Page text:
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Kicking the can down the road

Kicking the can down the road

Bishop Alan Wilson reflects on the legislative changes that Bishops added to legislation allowing for the ordination of women to the episcopate. He names two lies behind all the machinations: that it is not about sex and this does not regularize discrimination. What the Bishops cannot let go of, Wilson says, is the culture of sexism and sanctioned discrimination.

He writes:

So, where has the C of E got to this week on Ministry and gender?

Assuming Les Six have done their stuff, an amended scheme will go before the General Synod in a few days time.

Down the road leading here two mantras have pullulated behind the discussion:

(1) “This isn’t, of course, about gender. Perish the Thought.”

This assertion is a lie. It is, and it always was. Discriminatory is as discriminatory does. It is not for the discriminator to judge the matter, based on their intentions, but those discriminated against, based on what actually happens. All else is illusion.

(2) “This is about theology not discrimination.”

This assertion is a lie. However you tart it up, Trevor Huddleston showed us years ago, discriminating is actually a theological assertion. Imagine, as I have attempted sincerely to do, that there is a theology that justifies treating women, against their will and calling, as inferior. I can’t conceive of such a thing, but let’s suspend disbelief for a moment. What is the difference between that noble theology and cultural prejudice dressed in voodoo? At no time in the past five years has anyone showed me. All that unites reactionaries in this matter seems to be a cultural prejudice against seeing women in positions of authority, reinforced by a reactionary subculture. It is every bit as much drawn from the contemporary world’s values as progressive aspiration. It’s just drawn from the reactionary quarter of them.

So, for synod members, it’s what one game show used to call make-up-your-mind-time, for the next five years anyway.

If the Church needs a gender-neutral ministry, something the vast majority of people believe to be right, this scheme does not deliver that. It is fundamentally inequitable and discriminatory. The best condoms do not have holes in them, however small. There is no telling what monstrous births may take place in the various caves of Adullam this measure potentially creates. It could be a step in the right direction, but it will retain the Church’s institutional sexism in a way most people outside the bubble find puzzling and, ultimately, morally disgusting.

If what matters most is the lesser matter of allowing women to be bishops, this scheme does finagle that. In itself the eventual presence of women in the house of bishops might be able to achieve what the present set-up couldn’t for the institution, and plug the hole in the bucket. In a down and dirty world this won’t be the first time in human affairs tulips were grown on dung.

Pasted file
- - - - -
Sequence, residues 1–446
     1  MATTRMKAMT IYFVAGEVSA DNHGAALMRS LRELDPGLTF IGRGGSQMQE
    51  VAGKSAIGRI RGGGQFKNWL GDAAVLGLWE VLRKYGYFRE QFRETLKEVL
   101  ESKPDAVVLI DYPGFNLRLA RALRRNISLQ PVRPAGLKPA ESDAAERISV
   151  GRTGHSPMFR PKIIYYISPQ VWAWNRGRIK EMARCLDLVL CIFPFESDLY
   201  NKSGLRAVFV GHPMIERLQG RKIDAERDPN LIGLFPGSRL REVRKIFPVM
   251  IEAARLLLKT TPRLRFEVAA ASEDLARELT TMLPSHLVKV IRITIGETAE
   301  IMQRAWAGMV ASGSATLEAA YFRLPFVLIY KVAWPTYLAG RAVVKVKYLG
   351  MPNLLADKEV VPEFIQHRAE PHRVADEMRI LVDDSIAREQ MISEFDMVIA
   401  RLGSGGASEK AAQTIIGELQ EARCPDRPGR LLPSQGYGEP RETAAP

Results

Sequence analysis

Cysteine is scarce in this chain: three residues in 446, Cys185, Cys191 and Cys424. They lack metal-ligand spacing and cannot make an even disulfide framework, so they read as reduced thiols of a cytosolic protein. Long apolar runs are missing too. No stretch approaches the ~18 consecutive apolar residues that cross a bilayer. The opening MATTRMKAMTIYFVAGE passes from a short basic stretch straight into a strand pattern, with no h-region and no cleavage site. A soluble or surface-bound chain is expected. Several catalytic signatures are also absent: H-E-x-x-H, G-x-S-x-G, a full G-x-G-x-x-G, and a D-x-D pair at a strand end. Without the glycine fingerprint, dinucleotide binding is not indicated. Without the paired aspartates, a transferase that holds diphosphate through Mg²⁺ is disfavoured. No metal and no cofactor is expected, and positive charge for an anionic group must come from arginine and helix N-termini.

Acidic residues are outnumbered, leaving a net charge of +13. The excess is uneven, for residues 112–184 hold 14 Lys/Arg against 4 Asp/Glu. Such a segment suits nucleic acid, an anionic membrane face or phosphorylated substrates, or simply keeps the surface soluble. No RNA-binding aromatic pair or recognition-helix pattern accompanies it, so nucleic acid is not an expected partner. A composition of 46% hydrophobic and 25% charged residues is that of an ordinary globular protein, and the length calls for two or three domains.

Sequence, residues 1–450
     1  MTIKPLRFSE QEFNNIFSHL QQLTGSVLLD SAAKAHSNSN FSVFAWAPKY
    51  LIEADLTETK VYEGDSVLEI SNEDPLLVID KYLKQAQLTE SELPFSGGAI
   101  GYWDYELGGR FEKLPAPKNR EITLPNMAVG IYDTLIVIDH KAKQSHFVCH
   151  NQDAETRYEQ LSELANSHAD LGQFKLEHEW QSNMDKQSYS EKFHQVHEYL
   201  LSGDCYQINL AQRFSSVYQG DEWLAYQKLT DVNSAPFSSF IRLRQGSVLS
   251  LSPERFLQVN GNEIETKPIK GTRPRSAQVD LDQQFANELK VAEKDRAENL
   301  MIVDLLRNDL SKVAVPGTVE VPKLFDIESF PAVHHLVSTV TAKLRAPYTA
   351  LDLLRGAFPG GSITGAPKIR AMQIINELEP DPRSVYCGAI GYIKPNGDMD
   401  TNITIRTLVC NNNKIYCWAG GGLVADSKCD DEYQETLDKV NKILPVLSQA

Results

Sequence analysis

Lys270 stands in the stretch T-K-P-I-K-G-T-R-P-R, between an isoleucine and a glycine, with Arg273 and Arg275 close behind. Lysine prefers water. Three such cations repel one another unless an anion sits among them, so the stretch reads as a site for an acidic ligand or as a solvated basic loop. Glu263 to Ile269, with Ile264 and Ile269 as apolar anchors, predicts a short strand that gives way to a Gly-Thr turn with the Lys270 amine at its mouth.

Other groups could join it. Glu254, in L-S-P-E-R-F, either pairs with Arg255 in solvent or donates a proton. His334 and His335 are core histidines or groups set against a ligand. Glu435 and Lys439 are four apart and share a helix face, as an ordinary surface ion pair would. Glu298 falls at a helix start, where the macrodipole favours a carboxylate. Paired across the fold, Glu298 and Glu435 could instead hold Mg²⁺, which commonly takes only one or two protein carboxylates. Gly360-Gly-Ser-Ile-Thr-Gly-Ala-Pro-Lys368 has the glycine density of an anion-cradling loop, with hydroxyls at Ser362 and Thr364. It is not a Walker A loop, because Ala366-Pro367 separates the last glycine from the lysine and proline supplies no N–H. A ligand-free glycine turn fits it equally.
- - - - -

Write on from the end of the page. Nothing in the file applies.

As to the leadership of the Church in synod, a lifetime of pretending, whilst trying to set their course on dead reckoning and politics with only an occasional star sight, scarcely prepares them to exercise moral leadership at a critical moment. Most episcopal palaces are emitting a loud and eloquent silence now. Many of our senior men probably thought on Monday that all they were doing was giving the women what they wanted whilst being as nice as possible to the other lot. That’s why you can’t see them for dust now.

It’s Touch and Go, I’d say.

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Jeffrey L. Shy, M.D.

As I have read/re-read and listened to commentary, I think that the most disturbing aspect of this is not just the “delegation” issue but that it is clear that “not just any male” bishop will do. The statement suggest that congregations must be given a bishop who agrees with them on the issue of women’s ordination. There is, therefore, not just the issue of gender of the bishop but of the _beliefs_ of the bishop to be assigned to them.

Obviously, this is disturbing in that it will merely reinforce the isolationism that these parishes are being granted, and will contribute to and perpetuate the cult of the “real” and “orthodox” churches as a special isolate from the rest of the “heterodox” CofE. It will clearly limit these parishes from ever having a chance to meaningfully engage the issue. It is rather like the Pope’s appointment of as many conservative bishops or cardinals as possible during his tenure, which is calculated to continue the “Status quo” at high cost and in perpetuity.

Secondly, it strays dangerously close to Donatism which seems, most of the time, to not concern these so-called “orthodox” churches at all.

If anyone thinks that I am misinterpreting the sense of the “selection recommendations” then they need only read today’s statement from the ABC/ABY on this matter:

” simply providing any male bishop would not do justice to the theological convictions lying behind requests from some parishes.”

In fairness, should this now not work BOTH ways? If a parish is in a diocese where the bishop’s beliefs are against their “theological convictions” (e.g. a church where parishioners are “For” women bishops, LGBT partnerships, etc. in a diocese where the bishop is not), should they not also be able to request “delegation” to someone who can “effectively minister” to their needs?

David Allen

I rise to second the nomination.

Brother David

Ann Fontaine

Alan Wilson for ABC!!

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